Series: FAQ
Publisher: Backbeat Books
Format: Softcover
Author: Mike Segretto
Release Date: 06/03/2014


Fifty years after Pete Townshend, Roger Daltrey, John Entwistle, and Keith Moon made their first ruckus together onstage, the world is still fascinated with its greatest rock-and-roll band. Whether their music is popping up in TV commercials and the various incarnations of CSI or the remaining members are performing at the Super Bowl, the Olympics, or multitudinous charity events, the Who have never faded away. Yet while such artists as the Beatles, Bob Dylan, and Led Zeppelin have been pored over, flipped on their backs, and examined from every imaginable angle, the Who remain somewhat mysterious. Questions persist. Who were their most important influences, and which other bands were their most loyal followers? Did they really create the very first rock opera? What were their most important collaborations, gigs, solo projects, and phases? Where do they stand on politics, religion, and philanthropy? The answers to these questions don't amount to mere trivia but create a clearer portrait of the enigma that is the Who.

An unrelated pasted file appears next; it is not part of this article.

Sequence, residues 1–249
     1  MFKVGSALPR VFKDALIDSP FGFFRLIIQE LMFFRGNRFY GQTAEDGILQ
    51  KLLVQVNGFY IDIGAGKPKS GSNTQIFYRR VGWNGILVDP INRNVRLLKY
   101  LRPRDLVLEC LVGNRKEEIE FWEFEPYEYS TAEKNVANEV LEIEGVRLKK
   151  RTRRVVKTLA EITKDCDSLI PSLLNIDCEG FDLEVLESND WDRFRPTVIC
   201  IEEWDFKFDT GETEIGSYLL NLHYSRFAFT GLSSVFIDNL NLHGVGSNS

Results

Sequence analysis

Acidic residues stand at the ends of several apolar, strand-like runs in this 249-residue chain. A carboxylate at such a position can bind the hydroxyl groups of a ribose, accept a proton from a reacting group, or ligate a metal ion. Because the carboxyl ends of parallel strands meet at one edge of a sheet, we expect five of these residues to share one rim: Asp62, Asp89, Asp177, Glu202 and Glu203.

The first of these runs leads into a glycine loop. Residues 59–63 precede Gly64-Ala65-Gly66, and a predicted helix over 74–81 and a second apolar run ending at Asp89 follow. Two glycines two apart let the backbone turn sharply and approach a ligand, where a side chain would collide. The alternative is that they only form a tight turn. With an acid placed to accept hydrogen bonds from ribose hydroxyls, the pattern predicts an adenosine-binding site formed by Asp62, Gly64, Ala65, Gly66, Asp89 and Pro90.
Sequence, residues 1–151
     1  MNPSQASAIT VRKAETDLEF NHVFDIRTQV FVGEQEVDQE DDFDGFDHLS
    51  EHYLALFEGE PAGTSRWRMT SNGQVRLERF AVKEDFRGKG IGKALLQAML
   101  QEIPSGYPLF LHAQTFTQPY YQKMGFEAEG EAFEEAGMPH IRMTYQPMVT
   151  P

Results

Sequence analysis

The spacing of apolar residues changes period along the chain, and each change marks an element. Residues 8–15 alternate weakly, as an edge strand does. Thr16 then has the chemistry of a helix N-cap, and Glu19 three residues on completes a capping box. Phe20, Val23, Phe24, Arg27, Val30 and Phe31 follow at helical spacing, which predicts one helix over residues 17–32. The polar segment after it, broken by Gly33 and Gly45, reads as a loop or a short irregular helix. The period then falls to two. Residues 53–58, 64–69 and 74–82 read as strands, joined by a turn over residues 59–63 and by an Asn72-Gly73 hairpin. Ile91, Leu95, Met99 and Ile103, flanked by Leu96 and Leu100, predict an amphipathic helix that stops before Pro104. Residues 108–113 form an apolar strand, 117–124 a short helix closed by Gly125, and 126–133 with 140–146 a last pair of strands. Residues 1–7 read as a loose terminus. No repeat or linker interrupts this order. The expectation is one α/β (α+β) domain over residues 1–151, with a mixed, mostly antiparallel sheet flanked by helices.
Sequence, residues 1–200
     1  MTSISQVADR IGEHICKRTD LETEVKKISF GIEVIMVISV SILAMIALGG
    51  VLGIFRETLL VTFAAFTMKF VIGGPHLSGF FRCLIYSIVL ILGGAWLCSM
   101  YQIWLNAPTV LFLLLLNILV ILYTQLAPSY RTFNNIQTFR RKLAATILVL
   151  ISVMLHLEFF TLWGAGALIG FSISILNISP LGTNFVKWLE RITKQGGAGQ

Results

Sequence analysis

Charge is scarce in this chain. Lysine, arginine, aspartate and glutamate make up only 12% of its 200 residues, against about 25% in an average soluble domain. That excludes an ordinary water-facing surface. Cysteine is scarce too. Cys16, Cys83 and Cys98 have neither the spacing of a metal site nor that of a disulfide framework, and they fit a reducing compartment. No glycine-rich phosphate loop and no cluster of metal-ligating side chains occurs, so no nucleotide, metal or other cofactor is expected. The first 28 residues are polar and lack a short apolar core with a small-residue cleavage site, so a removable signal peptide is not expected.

Whether they were Mods or punk pioneers, rock Wagners, or a gang of guitar-smashing thugs, the Who are a band beyond categorization or comparison, a band that constantly poses new questions – and The Who FAQ digs deep to find the answers.


$24.99 (US)
Inventory #HL 00114955
ISBN: 9781480361034
UPC: 884088876883
Width: 6.0"
Length: 9.0"
400 pages

Prices and availability subject to change without notice.


Thursday, August 29, 2013

Super Deluxe Edition of The Who's 'Tommy' Is on the Way (Pre-order Sign Up info inside)

The Who's on-going Super Deluxe Box Set campaign that started with Live at Leeds in 2010 and continued with Quadrophenia in 2011 will continue even more on November 11th with the inevitable Super Deluxe edition of Tommy. According to thewho.com, the big Tommy will include Pete Townshend's long-bootlegged complete demos and a live performance of the rock opera mostly recorded at Ottawa's Capital Theatre on October the 15th 1969. As for the original double-album, it was been given a new 5.1 surround sound remix "on new Hi Fidelity Pure Audio Blu-ray format.

"As well as the music the limited edition Super Deluxe boxset comes with a hardback 80-page full-colour book featuring rare period photos, memorabilia, a 20,000-word essay by legendary Who aficionado Richard Barnes and a rare facsimile Tommy poster housed in a hard-back deluxe slip-case."

You can now sign up on Amazon.com to pre-order the set as soon as it's available.  
Here are more specific specs courtesy of thewho.com:

Disc 1 – The original album (2013 re-master)

Digitally re-mastered in HD

Review: 'How to Kill a Vampire: Fangs in Folklore, Film, and Fiction'